If your child has been placed with a potential adoptive family, it is too late to apply for permission to revoke a placement order and instead you may need to consider making an application for permission to oppose the adoption order. It is important you seek legal advice in relation to this quickly. Our care solicitors can give you advice about making an application for leave to oppose an adoption order. We have provided some information here but feel free to contact our adoption solicitors on 01204 377600 or email familysolicitor@afglaw.co.uk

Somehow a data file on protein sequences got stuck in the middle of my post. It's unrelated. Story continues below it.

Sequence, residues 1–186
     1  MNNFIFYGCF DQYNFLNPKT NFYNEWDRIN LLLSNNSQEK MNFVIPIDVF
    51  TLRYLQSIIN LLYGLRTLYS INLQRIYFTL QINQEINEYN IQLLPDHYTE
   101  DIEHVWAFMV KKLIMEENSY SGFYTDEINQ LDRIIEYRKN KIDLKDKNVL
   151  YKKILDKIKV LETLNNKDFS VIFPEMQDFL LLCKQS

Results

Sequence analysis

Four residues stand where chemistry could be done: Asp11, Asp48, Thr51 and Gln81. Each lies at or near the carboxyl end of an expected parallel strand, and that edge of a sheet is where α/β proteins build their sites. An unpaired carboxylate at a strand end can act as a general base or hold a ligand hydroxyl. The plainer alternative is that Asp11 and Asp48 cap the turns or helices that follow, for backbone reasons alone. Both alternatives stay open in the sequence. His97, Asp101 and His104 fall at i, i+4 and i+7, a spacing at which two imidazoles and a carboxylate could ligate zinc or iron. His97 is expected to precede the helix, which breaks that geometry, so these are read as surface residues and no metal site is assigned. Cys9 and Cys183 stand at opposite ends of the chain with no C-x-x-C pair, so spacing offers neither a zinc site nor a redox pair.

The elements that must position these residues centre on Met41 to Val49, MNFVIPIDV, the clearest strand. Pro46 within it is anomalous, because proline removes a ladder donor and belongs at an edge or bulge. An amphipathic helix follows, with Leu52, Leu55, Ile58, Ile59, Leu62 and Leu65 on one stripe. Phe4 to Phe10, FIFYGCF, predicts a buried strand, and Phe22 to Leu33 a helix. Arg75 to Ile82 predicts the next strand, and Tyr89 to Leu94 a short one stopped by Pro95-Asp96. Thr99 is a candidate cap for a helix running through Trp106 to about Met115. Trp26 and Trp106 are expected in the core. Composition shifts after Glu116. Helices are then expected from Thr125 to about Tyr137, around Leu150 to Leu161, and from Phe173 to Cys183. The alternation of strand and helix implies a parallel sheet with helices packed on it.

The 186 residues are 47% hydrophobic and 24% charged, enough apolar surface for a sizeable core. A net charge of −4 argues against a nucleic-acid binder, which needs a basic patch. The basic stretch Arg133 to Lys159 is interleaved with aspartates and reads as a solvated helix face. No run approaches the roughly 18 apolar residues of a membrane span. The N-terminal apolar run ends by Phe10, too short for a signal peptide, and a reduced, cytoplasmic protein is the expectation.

We have also accredited members of The Law Society’s Children Law Accreditation Scheme.


Contact AFG Law

If you have further questions regarding placement orders or if you require legal advice about a placement order, please call 01204 377 600 and speak with AFG LAW’s expert family law team who can help.

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Who Is Going To Help You

Guides & Resources

Family Law Guide

Court Fees Increase March 2024

Family Law Guide

What does the Court look at when making a Children Order?

Family Law Guide

Parental Responsibility

Social Services Involvement

What does the Court look at when making an Order in Care Proceedings?